Pets allowed
Not Allowed
Elevation Gain
1,475.00 ft (449.58 m)
Trail type
6.00 mi (9.66 km)
Please respect the outdoors by practicing Leave No Trace. Learn more about how to apply the principles of Leave No Trace on your next outdoor adventure here.

The La Vida Trail is a quiet path that will take you from the more popular trails of Chino Hills State Park and climb to panoramic views of the surrounding landscape.

Beginning in the village of Olinda along Carbon Canyon Road, the trail is named after an old jeep road that has since faded into a single track that climbs, falls, and then climbs again into the hilly interior of Sonome Canyon. While an older version of the trail followed the La Vida Road jeep path back down to Carbon Canyon Road near the site of a mineral springs resort and roadhouse that once lined this quiet highway, those establishments have faded into a barely-visible turnout that is as overgrown as that jeep road is today. 

Instead, where the trail once crossed Tank Road, a paved street leading to two water tanks perched high atop the hills, the flat peak around those tanks provide an excellent vista point and a natural endpoint for this hike. Climbing a little over 400 feet, then dropping again, before climbing another 500 feet to the peak, the only flat portion of this hike is the ground surrounding the water tanks at the end of the out-and-back.

The stone peaks of Mt. Baldy and the San Gabriel Mountains stretching across the northern horizon, and facing south, with the highway hidden away in the folds of the landscape and the lengthy hills of the state park hiding the urban grid beyond it, it's easily possible to look around and envision how north Orange County looked before development blanketed it.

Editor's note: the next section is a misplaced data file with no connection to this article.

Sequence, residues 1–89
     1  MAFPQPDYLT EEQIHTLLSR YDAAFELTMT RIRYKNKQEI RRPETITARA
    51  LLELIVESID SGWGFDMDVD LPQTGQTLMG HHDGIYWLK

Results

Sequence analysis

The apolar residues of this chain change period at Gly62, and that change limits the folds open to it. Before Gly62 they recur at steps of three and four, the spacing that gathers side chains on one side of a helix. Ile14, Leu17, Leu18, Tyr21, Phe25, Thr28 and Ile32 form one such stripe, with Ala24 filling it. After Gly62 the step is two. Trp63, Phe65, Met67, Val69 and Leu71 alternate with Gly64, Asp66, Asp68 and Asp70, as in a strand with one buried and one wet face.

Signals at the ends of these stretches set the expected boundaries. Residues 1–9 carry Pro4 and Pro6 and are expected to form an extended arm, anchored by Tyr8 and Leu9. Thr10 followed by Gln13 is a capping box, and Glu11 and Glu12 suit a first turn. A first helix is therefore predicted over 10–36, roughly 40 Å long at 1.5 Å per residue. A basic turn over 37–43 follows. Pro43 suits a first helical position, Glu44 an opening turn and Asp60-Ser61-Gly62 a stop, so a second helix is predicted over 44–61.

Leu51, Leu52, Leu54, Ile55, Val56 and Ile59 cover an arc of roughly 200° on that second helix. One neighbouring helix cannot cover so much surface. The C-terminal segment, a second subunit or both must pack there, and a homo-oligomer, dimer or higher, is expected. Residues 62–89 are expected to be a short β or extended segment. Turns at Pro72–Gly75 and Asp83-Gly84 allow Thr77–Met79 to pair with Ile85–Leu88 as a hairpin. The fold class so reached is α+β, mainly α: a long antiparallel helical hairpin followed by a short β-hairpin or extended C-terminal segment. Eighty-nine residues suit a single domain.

A network of former trails, all now mostly overgrown single tracks, continues northeast from the lookout point if you'd like to really dive into the wild fringes of the park. Otherwise, turn around and retrace your path back to the trailhead.

It's also possible to follow Tank Road back down into Olinda and create a loop, however this will require walking through the village to arrive back at the trailhead.

Be aware of possible hazards such as rattlesnakes, scorpions, poison oak, and stinging grass along the trail. There is very little shade and no water, nor are there any amenities at the trailhead. Dogs are not allowed on park trails.

The Chino Hills State Park Discovery Center, located 1.6 miles to the west has information on the park and rangers who are eager to answer questions about the area.

Logistics + Planning

Preferable season(s)




Parking Pass


Open Year-round



Panoramic views.


No shade. No amenities available.

Trailhead Elevation

880.00 ft (268.22 m)

Highest point

1,375.00 ft (419.10 m)


Big vistas

Typically multi-day


Suitable for


Permit required



Nearby Adventures

Nearby Lodging + Camping


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